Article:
Perryman: Outlook for the Texas Economy | Forum

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As COVID-19 cases continue to decline and vaccination rates increase, things are starting to feel a bit more normal.

The economy is growing and the outlook remains positive as the health crisis eases. Here’s a look at current conditions and our latest projections for business activity in the state.

Texas has recovered more than a million of the nearly 1.5 million jobs lost in March and April last year due to the pandemic. The state created 13,000 jobs in April (on a seasonally adjusted basis) as large gains in a few industry groups, such as leisure and hospitality and professional and business services, were partially offset by losses in construction, manufacturing, mining and logging – which in Texas is primarily the oil and gas business – and several others.

The state’s unemployment rate has improved significantly, but remains above the national level. At the end of the day, although we are heading in the right direction overall, there are still a few bumps in the road.

One of the problems is the labor shortage, which was already a significant problem before the pandemic. Competition for knowledge workers and other skilled occupations is intense, industries like catering and hospitality struggle to convince employees to return to school, and childcare issues limit entry by many (especially women). Supply chain challenges also remain. The pandemic has disrupted the entire global manufacturing and distribution complex, and it’s quite a process to restore the relatively smooth operation that typically supports production processes. This situation leads to escalating costs and bottlenecks that inhibit or even interrupt business.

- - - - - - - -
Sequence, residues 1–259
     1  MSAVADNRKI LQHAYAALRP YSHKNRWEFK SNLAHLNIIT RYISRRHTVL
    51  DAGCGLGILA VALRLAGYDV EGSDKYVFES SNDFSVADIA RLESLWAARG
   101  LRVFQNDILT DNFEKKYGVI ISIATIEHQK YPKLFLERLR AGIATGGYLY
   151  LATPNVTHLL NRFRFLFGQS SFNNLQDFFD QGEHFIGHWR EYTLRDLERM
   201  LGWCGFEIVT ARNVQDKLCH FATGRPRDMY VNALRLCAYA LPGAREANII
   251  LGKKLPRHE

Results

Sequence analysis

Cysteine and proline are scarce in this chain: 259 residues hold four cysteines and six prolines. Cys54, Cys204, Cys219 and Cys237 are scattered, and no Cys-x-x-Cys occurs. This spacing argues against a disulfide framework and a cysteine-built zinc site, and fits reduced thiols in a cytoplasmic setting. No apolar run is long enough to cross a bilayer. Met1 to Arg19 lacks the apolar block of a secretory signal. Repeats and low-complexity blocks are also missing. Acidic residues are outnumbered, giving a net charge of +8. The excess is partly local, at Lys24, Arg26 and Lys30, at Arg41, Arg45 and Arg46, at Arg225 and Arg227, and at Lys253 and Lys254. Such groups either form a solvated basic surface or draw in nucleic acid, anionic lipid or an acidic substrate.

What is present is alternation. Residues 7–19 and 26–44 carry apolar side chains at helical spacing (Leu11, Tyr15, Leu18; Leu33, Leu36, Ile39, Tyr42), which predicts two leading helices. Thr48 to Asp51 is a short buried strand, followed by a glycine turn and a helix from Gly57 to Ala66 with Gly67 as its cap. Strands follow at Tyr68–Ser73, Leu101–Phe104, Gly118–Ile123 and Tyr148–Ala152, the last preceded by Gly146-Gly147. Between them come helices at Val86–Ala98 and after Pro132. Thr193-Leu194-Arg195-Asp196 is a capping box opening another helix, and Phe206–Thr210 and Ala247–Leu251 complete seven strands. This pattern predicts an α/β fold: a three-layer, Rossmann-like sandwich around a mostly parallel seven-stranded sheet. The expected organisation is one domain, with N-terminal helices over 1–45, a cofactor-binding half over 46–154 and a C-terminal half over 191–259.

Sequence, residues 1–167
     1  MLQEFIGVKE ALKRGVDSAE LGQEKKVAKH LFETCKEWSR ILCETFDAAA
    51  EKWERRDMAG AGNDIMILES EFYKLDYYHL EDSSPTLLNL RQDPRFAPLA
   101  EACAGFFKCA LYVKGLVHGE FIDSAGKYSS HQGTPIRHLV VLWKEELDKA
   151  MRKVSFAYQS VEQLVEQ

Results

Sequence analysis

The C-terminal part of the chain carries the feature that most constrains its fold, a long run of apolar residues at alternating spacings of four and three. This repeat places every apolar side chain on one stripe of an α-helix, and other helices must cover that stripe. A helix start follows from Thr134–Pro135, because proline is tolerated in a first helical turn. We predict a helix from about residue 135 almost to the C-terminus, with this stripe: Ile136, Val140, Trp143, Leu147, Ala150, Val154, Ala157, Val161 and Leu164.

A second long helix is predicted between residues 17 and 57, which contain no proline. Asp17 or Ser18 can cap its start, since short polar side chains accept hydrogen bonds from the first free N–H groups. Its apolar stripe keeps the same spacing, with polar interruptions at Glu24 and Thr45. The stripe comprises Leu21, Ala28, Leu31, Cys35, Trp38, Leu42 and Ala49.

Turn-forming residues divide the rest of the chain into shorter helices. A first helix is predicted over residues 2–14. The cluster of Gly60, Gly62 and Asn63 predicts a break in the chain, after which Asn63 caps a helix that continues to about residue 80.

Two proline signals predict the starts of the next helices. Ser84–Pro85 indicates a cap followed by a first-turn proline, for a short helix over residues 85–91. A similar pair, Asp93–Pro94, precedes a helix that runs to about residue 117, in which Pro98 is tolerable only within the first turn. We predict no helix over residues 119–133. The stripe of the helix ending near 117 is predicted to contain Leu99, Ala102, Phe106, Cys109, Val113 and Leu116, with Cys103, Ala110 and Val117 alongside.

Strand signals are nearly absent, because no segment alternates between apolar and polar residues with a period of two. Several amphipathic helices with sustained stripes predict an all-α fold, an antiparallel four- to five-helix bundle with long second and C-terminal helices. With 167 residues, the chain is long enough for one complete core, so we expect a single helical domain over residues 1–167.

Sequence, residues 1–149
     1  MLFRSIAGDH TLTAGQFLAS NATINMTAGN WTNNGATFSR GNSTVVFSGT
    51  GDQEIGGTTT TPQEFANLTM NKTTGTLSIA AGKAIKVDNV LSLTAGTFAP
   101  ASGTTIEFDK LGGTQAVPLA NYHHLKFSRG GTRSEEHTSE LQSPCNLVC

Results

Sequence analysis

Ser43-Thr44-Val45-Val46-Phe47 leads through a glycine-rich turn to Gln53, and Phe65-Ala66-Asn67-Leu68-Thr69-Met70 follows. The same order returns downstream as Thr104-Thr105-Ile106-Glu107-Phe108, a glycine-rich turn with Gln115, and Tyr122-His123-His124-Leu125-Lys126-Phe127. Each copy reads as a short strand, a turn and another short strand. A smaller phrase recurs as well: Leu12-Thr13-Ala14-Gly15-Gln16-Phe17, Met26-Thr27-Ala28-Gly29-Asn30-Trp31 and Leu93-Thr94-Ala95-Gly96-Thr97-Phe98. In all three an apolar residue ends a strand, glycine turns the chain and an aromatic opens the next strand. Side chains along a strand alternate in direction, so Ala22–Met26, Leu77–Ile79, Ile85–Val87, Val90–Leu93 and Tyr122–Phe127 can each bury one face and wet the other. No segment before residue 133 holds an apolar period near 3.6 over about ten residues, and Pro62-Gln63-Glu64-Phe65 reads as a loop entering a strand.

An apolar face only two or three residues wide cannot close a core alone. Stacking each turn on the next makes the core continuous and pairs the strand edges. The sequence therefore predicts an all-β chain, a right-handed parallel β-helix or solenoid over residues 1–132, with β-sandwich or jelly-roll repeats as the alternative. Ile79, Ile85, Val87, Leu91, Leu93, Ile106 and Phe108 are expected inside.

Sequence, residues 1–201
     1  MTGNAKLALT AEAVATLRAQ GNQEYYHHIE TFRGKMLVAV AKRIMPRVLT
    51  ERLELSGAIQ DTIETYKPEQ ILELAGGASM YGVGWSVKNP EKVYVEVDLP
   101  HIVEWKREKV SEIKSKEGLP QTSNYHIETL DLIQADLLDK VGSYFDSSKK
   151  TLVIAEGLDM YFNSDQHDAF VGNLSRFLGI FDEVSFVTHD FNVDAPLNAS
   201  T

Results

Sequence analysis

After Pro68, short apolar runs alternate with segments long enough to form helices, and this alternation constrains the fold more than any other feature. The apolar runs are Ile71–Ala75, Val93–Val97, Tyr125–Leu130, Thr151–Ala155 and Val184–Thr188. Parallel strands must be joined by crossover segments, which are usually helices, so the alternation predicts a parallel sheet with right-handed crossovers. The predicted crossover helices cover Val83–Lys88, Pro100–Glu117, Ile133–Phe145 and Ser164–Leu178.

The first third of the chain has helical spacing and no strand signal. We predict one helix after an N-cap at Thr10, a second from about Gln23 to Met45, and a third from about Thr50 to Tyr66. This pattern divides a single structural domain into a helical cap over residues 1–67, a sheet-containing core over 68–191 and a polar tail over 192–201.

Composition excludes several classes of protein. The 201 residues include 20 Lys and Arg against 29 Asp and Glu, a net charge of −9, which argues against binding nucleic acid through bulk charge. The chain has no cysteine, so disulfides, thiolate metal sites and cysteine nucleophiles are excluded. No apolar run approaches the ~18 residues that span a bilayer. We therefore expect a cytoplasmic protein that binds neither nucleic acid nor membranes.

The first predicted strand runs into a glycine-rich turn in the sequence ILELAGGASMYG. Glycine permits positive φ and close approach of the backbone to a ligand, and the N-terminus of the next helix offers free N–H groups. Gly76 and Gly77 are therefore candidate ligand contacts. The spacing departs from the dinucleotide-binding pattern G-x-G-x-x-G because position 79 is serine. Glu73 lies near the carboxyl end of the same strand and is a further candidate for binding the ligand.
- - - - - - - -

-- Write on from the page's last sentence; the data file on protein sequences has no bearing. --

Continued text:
Our most recent forecast indicates that approximately 1.6 million net new jobs are expected to be added to the Texas economy by 2025, representing an annual growth rate of 2.39% over the period. This expansion is somewhat loaded upstream, as the state continues to regain activity lost during the recession and reverts to long-term patterns. Service industries will drive job creation, with wholesale and retail businesses also forecasting notable hires.

The actual gross project is expected to earn $ 424.4 billion over the next five years, and production in all major industrial groups is expected to increase, with the mining and service segments leading the way. In particular, the energy sector should continue its strong comeback.

I expect Texas to hit pre-pandemic employment levels within a year or two. The state’s combination of natural resources, a large and growing population, and the expansion of emerging industries position it well for expansion.

While there are challenges ahead, such as providing the education and training required for future jobs and securing the provision of critical infrastructure, Texas has the potential to remain a growth leader for the foreseeable future. .

– Mr. Ray Perryman is President and CEO of The Perryman Group, a Waco-based economic research and analysis firm. He contributes regularly to the News-Journal.



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